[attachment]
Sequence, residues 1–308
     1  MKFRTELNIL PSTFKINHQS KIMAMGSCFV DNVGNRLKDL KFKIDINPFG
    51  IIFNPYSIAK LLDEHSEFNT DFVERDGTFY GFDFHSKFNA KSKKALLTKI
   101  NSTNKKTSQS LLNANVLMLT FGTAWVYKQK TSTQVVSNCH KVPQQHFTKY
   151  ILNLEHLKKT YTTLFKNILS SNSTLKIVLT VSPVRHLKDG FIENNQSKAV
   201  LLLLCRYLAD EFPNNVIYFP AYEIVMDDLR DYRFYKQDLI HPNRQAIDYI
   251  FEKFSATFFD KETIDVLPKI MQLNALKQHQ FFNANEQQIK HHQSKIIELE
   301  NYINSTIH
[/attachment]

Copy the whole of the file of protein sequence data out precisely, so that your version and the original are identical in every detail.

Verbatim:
Sequence, residues 1–308
     1  MKFRTELNIL PSTFKINHQS KIMAMGSCFV DNVGNRLKDL KFKIDINPFG
    51  IIFNPYSIAK LLDEHSEFNT DFVERDGTFY GFDFHSKFNA KSKKALLTKI
   101  NSTNKKTSQS LLNANVLMLT FGTAWVYKQK TSTQVVSNCH KVPQQHFTKY
   151  ILNLEHLKKT YTTLFKNILS SNSTLKIVLT VSPVRHLKDG FIENNQSKAV
   201  LLLLCRYLAD EFPNNVIYFP AYEIVMDDLR DYRFYKQDLI HPNRQAIDYI
   251  FEKFSATFFD KETIDVLPKI MQLNALKQHQ FFNANEQQIK HHQSKIIELE
   301  NYINSTIH